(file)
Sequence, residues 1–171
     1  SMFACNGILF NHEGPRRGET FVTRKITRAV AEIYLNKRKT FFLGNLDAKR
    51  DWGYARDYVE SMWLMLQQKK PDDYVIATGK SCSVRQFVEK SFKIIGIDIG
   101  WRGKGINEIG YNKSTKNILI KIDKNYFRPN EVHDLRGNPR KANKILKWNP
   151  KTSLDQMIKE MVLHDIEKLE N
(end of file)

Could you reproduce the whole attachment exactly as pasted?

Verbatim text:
Sequence, residues 1–171
     1  SMFACNGILF NHEGPRRGET FVTRKITRAV AEIYLNKRKT FFLGNLDAKR
    51  DWGYARDYVE SMWLMLQQKK PDDYVIATGK SCSVRQFVEK SFKIIGIDIG
   101  WRGKGINEIG YNKSTKNILI KIDKNYFRPN EVHDLRGNPR KANKILKWNP
   151  KTSLDQMIKE MVLHDIEKLE N